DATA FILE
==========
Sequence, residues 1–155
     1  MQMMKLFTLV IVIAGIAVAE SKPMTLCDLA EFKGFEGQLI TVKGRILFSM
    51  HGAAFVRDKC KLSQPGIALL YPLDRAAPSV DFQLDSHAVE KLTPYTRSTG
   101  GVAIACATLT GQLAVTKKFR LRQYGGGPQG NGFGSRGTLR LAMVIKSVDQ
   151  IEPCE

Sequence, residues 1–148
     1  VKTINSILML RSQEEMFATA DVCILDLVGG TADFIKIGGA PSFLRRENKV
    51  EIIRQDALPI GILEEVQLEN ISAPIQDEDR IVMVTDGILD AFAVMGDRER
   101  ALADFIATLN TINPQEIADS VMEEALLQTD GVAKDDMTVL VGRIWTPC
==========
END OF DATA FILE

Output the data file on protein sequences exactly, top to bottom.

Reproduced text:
Sequence, residues 1–155
     1  MQMMKLFTLV IVIAGIAVAE SKPMTLCDLA EFKGFEGQLI TVKGRILFSM
    51  HGAAFVRDKC KLSQPGIALL YPLDRAAPSV DFQLDSHAVE KLTPYTRSTG
   101  GVAIACATLT GQLAVTKKFR LRQYGGGPQG NGFGSRGTLR LAMVIKSVDQ
   151  IEPCE

Sequence, residues 1–148
     1  VKTINSILML RSQEEMFATA DVCILDLVGG TADFIKIGGA PSFLRRENKV
    51  EIIRQDALPI GILEEVQLEN ISAPIQDEDR IVMVTDGILD AFAVMGDRER
   101  ALADFIATLN TINPQEIADS VMEEALLQTD GVAKDDMTVL VGRIWTPC